“Cities and small town nationwide have jumped on the ghost-circuit bandwagon, and thousands of ghost-hunting clubs have sprung up, turning ghost tourism into a multi-billion dollar business that thrives beyond Halloween.
Some offer overnight packages, where guests spend the night in a haunted hotel. Others allow guests to wander through haunted buildings, armed with handheld ghost-detecting meters or night-vision goggles, searching for proof of paranormal activity.”
The New York Times reports on the cancellation of the Castro District’s Halloween parade, noting that it may be the sign of larger trends:
“These are wrenching times for San Francisco’s historic gay village, with population shifts, booming development, and a waning sense of belonging that is also being felt in gay enclaves across the nation, from Key West, Fla., to West Hollywood, as they struggle to maintain cultural relevance in the face of gentrification.”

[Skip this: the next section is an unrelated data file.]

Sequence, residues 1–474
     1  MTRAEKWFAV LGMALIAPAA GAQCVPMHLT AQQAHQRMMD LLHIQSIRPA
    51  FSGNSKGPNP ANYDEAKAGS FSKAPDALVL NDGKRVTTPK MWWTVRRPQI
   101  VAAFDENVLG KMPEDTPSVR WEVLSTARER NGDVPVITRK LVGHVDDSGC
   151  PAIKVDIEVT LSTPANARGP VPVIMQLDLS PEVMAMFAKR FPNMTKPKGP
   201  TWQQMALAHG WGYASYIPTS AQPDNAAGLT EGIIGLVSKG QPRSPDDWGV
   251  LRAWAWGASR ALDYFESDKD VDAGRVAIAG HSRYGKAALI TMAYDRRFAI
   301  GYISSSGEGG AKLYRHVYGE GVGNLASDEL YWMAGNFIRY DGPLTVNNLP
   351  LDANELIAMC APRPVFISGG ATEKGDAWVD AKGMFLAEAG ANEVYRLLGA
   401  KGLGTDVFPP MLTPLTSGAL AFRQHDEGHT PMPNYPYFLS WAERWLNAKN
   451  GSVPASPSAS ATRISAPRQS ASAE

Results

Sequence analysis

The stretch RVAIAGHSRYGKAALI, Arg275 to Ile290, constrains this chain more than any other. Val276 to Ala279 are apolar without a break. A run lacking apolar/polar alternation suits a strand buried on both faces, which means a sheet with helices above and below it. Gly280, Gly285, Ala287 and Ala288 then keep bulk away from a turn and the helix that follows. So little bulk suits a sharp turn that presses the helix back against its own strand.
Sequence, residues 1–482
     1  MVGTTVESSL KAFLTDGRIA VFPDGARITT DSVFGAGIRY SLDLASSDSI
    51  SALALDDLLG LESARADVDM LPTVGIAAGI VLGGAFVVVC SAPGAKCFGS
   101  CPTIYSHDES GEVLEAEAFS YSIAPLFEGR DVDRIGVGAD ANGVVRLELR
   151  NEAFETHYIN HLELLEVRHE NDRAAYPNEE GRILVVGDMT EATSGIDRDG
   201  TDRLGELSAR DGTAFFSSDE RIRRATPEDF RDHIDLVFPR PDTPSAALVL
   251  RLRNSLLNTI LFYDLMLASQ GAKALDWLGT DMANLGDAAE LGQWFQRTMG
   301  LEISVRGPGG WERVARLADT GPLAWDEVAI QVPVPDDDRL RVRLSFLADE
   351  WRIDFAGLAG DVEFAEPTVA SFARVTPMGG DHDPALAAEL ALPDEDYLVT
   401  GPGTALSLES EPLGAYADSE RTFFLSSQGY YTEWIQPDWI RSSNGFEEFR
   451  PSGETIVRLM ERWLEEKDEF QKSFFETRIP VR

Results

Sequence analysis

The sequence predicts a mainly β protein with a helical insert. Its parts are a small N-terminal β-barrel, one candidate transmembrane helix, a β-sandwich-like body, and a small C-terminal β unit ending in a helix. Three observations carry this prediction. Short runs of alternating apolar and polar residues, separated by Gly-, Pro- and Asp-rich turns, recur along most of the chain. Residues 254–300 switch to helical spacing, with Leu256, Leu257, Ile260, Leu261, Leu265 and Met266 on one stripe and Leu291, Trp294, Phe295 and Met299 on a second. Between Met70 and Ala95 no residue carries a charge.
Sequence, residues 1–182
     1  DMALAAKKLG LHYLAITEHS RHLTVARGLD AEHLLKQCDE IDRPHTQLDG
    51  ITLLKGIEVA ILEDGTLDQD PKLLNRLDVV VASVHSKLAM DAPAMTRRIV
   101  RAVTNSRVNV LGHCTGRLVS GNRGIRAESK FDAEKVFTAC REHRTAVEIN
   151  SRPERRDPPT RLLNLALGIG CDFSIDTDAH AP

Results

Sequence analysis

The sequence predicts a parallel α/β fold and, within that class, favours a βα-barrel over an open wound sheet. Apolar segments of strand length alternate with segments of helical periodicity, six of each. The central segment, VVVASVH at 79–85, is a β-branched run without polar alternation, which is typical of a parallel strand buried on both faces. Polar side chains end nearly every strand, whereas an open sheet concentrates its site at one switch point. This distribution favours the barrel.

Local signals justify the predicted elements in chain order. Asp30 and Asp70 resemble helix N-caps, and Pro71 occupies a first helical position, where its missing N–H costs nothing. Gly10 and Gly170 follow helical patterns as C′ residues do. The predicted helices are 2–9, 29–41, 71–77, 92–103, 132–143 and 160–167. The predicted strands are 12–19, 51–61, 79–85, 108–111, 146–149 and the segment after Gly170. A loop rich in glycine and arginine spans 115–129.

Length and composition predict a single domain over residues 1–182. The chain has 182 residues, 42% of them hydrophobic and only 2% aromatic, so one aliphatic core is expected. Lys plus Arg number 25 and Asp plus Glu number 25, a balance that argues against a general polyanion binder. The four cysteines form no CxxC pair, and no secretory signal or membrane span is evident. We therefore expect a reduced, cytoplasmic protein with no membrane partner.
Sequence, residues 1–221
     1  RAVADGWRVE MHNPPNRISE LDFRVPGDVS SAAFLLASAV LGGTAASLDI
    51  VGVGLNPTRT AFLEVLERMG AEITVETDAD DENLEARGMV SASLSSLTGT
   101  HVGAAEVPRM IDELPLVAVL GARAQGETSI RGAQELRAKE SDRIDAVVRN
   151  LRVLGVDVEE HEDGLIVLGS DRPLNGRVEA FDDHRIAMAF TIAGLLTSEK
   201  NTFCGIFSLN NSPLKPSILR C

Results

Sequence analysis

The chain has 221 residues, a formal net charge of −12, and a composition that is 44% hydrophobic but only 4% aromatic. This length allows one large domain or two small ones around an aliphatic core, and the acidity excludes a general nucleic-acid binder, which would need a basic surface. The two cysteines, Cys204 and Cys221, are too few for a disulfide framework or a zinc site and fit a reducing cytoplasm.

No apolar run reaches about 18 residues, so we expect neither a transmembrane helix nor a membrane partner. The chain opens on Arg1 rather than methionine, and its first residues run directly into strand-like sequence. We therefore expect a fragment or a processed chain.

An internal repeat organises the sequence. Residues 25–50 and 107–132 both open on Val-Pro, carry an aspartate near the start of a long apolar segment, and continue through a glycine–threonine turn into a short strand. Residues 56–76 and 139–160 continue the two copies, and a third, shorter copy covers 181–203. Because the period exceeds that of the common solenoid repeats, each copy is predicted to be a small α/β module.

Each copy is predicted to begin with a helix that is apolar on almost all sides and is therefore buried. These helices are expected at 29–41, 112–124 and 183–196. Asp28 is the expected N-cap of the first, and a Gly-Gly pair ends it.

Others weigh in.
What is a city to do when the State and Federal government policies are not meeting their vision for a greener city? Develop their own policies.
“Political will has been lacking in Washington and in Austin, as many elected officials have been unwilling to take even small steps toward reducing energy consumption and combating greenhouse gas emissions. Dallas joins a long list of cities across the country that, in the absence of federal or state mandates, are developing their own environmental policies.”
Planning concepts for the foodie
TOD? Garden City? Form-Based Codes? Nate Berg of Planetizen takes a humorous look at planning jargon by explaining the terms with images of something we’re all familiar with: food.
With 2012 just five years away, many cities are rethinking their pledges to reduce environmental emissions to 7% below 1990’s levels by that date. According to the Seattle Times, even cities in the environmentally focused state of Washington are feeling the pressure:
“Many of the cities are still only in the earliest stages, with a deadline less than five years away. Several have effectively reneged on their pledges and have set more modest goals instead. Even cities that have worked on the issue for years are finding it challenging to retool communities built for cars and powered by fossil fuels.”